Monday morning dawned like the others, with the cold biting at my face but softened in mind by the brilliant pinks and oranges that danced across the sunrise. Just as the first of the deer began to return from their midnight buffet I saw the familiar gleam of antler. Following behind a young, slender doe was an eight point buck which I deemed worthy of my bullet. He was a strong looking young buck of stocky build his eight pointed rack extending to the tips of his ears in width and his mouth stood agape as he pursued his lady of the morning. They approached quickly from the northwest which allowed me little time to settle into position to take the shot. He pressed ever closer closing the distance to a mere fifty yards, but a large limb impeded my shot. I held my position resolutely, patiently awaiting him to make a move when seemingly without provocation the doe jumped to a trot, fleeing into the Sendero behind me. The buck followed her smartly, and I swiftly wheeled around in my seat resting my rifle in the crotch of the old cottonwood. The buck bounded across the Sendero, stopping briefly to gather his bearings before disappearing into the riverbottom.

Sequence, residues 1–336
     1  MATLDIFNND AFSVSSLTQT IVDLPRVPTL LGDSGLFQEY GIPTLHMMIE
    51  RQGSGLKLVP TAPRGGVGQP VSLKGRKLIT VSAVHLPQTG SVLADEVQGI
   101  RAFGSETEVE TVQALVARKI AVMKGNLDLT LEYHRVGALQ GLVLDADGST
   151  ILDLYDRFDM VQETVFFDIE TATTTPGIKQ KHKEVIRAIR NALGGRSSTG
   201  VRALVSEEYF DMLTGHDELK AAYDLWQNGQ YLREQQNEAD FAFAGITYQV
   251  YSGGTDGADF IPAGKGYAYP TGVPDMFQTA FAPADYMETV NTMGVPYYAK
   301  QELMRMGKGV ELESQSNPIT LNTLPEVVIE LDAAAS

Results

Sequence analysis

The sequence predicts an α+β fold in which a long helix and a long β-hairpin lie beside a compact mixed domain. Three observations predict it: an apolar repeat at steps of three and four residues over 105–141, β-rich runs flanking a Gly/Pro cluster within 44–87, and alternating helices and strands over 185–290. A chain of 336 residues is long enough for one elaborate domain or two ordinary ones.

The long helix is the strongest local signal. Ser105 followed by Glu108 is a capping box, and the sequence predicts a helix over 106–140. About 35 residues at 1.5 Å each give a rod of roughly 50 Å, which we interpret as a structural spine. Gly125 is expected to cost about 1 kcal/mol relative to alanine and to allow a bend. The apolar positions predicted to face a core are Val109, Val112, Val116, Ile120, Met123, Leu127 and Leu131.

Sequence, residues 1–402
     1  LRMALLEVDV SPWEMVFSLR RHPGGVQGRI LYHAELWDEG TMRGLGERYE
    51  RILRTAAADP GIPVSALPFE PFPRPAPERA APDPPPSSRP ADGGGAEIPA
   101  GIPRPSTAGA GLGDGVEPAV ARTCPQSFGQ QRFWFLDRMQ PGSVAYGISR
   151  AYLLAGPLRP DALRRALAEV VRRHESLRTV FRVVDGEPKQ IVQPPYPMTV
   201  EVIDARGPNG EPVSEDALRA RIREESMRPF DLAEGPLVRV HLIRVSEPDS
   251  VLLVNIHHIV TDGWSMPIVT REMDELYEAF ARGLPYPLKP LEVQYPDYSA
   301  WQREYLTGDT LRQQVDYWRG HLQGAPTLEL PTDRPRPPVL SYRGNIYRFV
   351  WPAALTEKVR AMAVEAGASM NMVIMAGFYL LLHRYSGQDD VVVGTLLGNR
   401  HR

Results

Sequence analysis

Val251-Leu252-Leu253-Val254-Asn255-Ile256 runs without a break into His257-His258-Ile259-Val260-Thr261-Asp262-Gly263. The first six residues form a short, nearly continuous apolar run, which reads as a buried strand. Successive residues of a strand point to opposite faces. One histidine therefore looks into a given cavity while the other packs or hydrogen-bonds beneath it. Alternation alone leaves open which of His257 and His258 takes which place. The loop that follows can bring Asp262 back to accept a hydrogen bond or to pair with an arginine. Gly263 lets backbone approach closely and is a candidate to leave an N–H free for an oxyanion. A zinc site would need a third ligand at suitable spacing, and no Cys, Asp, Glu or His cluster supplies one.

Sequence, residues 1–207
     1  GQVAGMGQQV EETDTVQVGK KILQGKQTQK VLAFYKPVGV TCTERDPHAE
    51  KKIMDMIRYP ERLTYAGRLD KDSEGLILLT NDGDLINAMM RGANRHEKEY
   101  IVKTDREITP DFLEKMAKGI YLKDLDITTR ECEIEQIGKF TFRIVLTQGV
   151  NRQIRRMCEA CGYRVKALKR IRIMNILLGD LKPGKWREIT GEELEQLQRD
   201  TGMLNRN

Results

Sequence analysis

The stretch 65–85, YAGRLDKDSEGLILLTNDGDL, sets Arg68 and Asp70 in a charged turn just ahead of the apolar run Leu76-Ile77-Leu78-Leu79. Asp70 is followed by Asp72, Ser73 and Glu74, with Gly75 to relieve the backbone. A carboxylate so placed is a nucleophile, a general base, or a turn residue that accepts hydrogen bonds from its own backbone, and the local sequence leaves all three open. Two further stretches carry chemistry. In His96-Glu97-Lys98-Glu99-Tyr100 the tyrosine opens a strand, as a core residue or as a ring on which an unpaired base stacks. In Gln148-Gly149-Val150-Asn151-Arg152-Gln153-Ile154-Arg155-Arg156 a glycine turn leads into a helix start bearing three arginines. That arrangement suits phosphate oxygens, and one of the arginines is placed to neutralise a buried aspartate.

This decision proved to be a fatal one, for at that moment I fixed the crosshairs of my Weatherby .300 win mag on the point of his shoulder and fired. He stumbled only for a moment before descending to his final resting place beneath an island of cottonwoods. Elation, relief, and a thousand other emotions boiled into catharsis within me as I watched his tawny antler shine in the golden morning rays. I had completed the journey the best way I could hope for. As I lay hands on him my heart was full. Although he isn’t the biggest, oldest or most aesthetically pleasing buck i’ve ever killed, I was proud to call him mine. He encapsulated the culmination of a story with a happy ending. The story of the first time I answered the beckon call of my tumbleweed soul when it spoke to me strongly and said “Go west, young man!’”